Apprentice forester

Posted by Graeme Lyons , Wednesday 27 February 2019 21:03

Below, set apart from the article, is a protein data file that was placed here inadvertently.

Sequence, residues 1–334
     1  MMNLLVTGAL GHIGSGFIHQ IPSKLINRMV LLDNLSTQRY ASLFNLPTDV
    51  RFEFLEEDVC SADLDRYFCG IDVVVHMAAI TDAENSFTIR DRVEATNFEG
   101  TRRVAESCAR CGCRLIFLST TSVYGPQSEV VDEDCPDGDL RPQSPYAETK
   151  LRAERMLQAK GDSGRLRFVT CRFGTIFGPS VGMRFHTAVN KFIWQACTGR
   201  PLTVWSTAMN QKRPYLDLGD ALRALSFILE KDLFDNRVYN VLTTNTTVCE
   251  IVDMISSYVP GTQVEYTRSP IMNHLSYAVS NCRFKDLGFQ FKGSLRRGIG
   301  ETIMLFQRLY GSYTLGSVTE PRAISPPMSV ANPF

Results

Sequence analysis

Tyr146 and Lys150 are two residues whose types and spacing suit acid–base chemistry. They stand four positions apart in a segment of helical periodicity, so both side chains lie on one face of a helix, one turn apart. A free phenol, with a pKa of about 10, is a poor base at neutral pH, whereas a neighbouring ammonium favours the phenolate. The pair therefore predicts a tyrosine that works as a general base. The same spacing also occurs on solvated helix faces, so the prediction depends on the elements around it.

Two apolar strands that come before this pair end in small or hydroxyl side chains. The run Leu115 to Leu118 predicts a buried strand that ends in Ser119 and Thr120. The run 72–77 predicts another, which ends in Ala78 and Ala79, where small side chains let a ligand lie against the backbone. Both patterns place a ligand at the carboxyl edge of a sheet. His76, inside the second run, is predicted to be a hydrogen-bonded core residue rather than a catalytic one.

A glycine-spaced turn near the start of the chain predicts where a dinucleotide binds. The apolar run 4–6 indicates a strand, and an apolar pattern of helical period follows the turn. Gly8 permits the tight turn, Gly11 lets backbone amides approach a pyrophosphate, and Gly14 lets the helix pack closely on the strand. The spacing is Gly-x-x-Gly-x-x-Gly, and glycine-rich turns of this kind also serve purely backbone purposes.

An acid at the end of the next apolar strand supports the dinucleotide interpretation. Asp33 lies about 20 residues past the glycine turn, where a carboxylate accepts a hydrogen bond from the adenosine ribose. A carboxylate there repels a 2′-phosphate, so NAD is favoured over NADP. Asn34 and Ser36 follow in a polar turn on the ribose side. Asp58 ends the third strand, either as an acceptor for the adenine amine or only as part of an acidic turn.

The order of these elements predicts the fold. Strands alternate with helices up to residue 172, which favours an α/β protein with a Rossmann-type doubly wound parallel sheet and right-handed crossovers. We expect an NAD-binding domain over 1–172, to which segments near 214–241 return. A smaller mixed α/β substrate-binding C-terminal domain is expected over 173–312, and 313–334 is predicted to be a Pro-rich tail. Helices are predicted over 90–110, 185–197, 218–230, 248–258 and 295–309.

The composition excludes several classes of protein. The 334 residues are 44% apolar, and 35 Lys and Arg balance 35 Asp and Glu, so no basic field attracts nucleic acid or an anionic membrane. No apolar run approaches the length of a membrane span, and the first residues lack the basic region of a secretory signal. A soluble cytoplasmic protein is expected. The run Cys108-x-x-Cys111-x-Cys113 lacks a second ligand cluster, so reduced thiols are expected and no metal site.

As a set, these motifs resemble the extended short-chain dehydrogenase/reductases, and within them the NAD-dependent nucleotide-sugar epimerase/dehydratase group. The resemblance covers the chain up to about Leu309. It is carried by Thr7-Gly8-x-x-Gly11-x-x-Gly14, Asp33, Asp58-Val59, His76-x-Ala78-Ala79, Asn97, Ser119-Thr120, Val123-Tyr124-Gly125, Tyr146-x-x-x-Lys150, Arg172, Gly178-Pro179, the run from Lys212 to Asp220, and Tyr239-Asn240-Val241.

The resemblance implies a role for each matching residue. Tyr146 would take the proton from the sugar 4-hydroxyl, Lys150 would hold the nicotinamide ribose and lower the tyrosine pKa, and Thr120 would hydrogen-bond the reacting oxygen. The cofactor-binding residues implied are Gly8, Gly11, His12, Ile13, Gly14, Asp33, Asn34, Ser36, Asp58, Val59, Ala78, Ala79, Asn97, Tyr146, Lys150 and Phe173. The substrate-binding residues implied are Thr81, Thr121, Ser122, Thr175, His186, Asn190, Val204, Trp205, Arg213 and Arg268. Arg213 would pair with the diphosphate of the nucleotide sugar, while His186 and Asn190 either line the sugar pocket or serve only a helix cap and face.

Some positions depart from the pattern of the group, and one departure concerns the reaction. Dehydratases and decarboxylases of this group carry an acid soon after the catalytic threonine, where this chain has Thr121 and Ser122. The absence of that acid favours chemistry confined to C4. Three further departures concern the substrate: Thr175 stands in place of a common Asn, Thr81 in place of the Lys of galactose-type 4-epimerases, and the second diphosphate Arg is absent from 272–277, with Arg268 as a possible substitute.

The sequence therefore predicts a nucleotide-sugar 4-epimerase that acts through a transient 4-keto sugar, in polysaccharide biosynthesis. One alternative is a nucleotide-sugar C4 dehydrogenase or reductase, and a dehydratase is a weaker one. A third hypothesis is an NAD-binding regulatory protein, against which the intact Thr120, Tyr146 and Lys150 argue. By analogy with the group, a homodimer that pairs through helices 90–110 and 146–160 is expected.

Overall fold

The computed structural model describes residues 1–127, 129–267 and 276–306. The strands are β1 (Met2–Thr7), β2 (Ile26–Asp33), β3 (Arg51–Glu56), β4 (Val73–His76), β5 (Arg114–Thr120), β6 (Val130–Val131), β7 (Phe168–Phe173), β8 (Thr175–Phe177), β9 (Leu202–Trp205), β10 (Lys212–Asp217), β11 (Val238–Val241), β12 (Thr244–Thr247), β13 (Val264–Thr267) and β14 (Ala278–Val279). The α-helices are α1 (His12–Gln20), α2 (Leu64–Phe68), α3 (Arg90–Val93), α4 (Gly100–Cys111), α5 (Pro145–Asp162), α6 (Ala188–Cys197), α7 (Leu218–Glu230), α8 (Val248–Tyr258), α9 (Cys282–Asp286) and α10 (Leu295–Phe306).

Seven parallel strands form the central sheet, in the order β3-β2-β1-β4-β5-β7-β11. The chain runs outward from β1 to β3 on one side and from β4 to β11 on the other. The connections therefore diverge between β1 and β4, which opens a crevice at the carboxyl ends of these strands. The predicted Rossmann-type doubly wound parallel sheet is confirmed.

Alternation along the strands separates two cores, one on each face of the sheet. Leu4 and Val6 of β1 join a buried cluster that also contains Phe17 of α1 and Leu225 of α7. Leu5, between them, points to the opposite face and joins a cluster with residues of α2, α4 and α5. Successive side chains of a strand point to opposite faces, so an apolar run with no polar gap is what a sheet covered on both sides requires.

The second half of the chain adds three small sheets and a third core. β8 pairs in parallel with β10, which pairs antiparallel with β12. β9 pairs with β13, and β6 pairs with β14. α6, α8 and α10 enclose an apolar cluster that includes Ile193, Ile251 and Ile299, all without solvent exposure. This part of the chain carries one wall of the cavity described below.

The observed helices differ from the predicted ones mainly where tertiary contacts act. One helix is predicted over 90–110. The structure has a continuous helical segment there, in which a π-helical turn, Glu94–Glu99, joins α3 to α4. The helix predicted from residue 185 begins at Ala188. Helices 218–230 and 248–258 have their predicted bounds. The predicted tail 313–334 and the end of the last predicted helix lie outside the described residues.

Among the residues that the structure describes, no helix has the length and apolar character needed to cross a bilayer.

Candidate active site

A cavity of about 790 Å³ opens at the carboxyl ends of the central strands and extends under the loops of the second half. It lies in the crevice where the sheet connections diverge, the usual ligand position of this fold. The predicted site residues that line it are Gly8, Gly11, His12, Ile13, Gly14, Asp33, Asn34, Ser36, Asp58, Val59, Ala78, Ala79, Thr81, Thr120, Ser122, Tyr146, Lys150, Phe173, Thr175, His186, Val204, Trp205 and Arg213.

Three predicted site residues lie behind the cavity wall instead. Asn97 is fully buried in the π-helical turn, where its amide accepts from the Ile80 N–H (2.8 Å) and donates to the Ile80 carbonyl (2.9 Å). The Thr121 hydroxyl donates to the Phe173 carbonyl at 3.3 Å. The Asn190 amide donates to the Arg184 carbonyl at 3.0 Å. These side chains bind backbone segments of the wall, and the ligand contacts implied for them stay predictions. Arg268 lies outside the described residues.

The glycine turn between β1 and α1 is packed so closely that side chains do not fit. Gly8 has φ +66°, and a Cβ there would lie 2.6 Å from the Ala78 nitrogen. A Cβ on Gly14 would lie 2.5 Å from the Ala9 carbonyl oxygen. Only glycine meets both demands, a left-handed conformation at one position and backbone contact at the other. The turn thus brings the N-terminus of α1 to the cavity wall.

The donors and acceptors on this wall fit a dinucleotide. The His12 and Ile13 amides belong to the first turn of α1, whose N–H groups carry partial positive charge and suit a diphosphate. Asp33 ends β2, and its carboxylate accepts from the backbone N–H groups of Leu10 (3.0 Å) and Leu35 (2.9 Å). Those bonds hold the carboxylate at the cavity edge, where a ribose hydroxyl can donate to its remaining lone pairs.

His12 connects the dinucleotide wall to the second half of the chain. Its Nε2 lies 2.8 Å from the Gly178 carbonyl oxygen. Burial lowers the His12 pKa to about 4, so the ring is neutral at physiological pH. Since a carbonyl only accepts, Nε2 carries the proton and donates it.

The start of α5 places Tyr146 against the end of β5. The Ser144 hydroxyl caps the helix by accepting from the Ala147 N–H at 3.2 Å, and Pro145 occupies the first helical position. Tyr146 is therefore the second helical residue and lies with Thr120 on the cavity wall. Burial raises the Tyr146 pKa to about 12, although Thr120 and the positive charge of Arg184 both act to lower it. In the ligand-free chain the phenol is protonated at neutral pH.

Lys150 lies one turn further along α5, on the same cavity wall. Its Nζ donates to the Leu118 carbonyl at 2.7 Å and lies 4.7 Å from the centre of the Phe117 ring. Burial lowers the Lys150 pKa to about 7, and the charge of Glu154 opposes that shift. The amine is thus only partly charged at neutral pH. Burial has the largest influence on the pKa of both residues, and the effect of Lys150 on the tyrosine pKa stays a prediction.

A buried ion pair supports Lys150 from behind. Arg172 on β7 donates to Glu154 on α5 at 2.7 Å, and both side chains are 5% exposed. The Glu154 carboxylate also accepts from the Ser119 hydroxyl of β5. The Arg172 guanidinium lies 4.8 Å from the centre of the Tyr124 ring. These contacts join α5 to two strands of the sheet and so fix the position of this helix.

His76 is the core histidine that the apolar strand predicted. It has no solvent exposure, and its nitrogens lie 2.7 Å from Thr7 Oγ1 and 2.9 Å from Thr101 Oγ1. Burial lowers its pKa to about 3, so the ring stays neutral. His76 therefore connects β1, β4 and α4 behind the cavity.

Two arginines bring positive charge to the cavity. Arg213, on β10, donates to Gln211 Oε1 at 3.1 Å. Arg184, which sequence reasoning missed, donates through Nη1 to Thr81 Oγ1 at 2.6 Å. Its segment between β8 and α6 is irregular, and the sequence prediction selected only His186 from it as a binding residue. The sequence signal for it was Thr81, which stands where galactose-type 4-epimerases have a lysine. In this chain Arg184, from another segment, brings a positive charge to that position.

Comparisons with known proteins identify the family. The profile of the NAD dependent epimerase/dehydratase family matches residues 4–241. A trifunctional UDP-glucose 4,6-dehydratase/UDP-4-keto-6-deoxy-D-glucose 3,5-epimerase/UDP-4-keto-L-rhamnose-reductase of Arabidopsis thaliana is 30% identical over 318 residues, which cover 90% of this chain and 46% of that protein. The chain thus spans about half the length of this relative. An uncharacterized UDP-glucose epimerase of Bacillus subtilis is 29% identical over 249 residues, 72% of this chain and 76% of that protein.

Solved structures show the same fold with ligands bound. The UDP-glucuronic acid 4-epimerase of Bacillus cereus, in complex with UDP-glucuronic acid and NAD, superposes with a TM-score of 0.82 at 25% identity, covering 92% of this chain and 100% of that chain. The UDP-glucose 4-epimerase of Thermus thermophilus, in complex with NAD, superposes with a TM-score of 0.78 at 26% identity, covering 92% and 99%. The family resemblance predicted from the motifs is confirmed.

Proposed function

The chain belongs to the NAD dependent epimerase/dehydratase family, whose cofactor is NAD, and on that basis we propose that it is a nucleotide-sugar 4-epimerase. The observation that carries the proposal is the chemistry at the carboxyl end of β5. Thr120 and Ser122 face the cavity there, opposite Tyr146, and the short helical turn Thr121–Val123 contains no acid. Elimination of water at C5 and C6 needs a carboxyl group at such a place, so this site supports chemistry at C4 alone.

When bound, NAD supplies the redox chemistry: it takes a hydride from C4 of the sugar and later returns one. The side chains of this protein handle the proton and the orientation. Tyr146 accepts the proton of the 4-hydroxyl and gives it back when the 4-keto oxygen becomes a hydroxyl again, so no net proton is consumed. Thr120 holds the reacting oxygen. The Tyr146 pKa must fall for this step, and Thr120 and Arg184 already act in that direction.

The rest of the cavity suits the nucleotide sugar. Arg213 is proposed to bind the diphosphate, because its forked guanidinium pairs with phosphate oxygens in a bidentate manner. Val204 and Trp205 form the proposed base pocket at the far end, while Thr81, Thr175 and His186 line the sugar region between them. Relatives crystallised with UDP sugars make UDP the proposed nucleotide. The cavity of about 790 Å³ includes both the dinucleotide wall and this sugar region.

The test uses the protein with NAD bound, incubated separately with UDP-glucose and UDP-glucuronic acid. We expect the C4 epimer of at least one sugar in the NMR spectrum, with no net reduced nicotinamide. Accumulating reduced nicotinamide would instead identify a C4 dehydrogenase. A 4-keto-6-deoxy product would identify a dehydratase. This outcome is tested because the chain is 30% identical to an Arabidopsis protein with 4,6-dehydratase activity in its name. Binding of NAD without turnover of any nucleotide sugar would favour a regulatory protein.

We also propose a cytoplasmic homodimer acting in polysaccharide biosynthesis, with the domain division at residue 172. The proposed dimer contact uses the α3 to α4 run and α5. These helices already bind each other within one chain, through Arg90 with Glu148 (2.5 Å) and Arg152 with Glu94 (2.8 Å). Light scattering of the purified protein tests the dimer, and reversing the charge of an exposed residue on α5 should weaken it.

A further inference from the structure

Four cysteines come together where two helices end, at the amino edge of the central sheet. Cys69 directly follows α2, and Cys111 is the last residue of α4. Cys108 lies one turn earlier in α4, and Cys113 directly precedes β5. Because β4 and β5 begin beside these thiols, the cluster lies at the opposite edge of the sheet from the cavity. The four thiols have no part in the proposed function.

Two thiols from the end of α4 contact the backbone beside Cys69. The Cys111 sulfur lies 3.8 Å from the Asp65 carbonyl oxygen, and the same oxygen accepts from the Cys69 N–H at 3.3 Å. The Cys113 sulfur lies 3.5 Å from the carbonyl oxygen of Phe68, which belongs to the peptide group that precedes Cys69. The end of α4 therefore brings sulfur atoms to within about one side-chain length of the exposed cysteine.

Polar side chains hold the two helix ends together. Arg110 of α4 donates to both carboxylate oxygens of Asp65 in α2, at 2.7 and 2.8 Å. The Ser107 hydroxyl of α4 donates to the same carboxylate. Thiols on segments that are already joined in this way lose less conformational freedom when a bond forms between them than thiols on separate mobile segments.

Whilst grubbing about for spiders at Devil's Dyke this afternoon, I noticed a few of these hairy little larvae in among the Common Rock-rose. They looked a little bit like small, dull burnet moth larvae. The food plant clinched it though, they must be the larvae of Cistus Foresters. We have three species, Cistus Forester, Scarce Forester (feeds on Knapweeds) and the Forester (that feeds on Common Sorrel). Collectively known as foresters (note that this is a really important example of why species names should be capitalised, so that a distinction between forester in the generic sense can be made from the species the Forester). Cistus Forester is probably the most restricted in Sussex with Devil's Dyke and Malling Down being the main sites. The larvae feed on Common Rock-rose and it's one of the dominant plants there on the south facing slope. If you go at the right time of year, you can see clouds of the metallic green adults.

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